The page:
# Is regular CTR mode vulnerable to any attacks?

Regular plain CTR mode, is it vulnerable to any attack?

I plan to write a program to encrypt a drive with ctr mode. Would this be wise? Would AES be better?

When I look at this diagram, it looks pretty solid to me.

If the question is "too broad", allow me to rephrase:

Which is better, AES 256 or CTR mode like the picture above to encrypt a drive?

• – user991
Mar 20 '16 at 16:46
• You can't compare AES vs. CTR. You need a block cipher (like AES) to use CTR mode. They are not alternatives. Do you actually mean ECB vs CTR?
– otus
Mar 20 '16 at 17:58
• @tuang If they can change data, the attacker may be able to change it in his favor such that security policies get changed resulting in easier data exfiltration once the system is in use. XTS and EME are two modes of operation for AES that should deal with this better than CTR while not being much slower. Pure ECB is the worst possible choice.
– SEJPM
Mar 20 '16 at 18:48
• I don't know of any way to use AES without also using some block cipher mode of operation. AES256 is often used with CTR. So your question doesn't make sense to me, it's like asking "Which is better, a truck with a diesel engine or a truck with 4 wheels?", when most trucks have both. Did you maybe mean to ask "Which is better, XTS or CTR to encrypt a drive?"? Mar 20 '16 at 20:48
• The "CTR", as described in the Wikipedia: block cipher mode of operation article, is a mode of operation that is used with a block cipher, often AES. That CTR is not a cipher in itself. Are you maybe referring to some other CTR? Which one? Mar 21 '16 at 0:15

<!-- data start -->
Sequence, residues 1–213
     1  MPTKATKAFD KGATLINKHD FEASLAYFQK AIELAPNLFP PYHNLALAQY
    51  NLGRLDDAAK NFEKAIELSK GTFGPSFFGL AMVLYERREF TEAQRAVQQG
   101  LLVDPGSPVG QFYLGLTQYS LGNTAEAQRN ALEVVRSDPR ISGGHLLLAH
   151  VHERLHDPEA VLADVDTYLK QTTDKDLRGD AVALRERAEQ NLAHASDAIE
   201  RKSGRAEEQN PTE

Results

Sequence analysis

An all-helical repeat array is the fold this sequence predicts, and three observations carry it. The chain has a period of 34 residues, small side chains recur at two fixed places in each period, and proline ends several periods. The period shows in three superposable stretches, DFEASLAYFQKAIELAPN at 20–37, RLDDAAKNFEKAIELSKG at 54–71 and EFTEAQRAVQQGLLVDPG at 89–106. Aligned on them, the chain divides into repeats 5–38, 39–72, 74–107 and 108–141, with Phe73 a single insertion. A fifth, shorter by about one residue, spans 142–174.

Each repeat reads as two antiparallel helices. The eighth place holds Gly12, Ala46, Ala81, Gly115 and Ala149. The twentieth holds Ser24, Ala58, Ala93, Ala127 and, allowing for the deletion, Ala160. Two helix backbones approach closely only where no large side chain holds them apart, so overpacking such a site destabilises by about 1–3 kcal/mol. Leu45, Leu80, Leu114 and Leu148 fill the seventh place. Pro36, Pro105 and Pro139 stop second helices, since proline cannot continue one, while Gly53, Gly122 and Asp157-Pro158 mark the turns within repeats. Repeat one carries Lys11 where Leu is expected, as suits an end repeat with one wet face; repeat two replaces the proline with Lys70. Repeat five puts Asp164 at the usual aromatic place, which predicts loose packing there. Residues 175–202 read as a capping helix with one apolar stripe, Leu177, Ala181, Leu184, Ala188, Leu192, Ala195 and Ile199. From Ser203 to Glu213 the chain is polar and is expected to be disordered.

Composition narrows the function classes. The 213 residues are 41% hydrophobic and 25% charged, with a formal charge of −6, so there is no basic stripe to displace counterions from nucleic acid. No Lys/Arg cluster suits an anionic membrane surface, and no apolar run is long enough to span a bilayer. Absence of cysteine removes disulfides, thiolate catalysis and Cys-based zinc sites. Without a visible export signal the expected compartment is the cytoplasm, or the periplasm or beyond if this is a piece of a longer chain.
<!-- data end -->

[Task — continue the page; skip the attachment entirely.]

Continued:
Summing up the discussion in the comments: What you are describing is the CTR Mode of operation of block ciphers, which requires an encryption function ("E" in your diagram) like AES. So, "should I use CTR or AES?" should instead be "should I use AES with CTR or with another mode?"

As @RickyDemers already mentioned, CTR mode (without any additional authentication step) is malleable, which means that it is possible to change the meaning of the ciphertext. For example: you want to encrypt the message $m=01010101$. Counter mode will use the counter and the encryption function to generate a keystream, for example $s=10010110$, and compute the ciphertext

$$c = m \oplus s = 01010101 \oplus 10010110 = 11000011$$

An attacker could now, for example, flip the second bit in the plaintext $m$ by changing $c$ to $c'$:

$$c' = c \oplus 01000000 = 10000011$$

The decryption would use CTR mode to derive the same key stream $s$ as before, but use it to decrypt $c'$, which would result in

$$m' = c' \oplus s = 10000011 \oplus 10010110 = 00010101$$

As you can see, the second bit (which used to be $1$) was changed to $0$ by this change, while leaving the remaining parts of the file data unchanged. This is called malleability.

You can prevent this by using a message authentication system like HMAC or, even better, an authenticated encryption mode like GCM, which functions like CTR mode but also authenticates the data and thereby makes it impossible to change the ciphertext without being detected. Many systems were broken because they did not use any authentication of the ciphertext, and more were broken because they did the authentication wrong.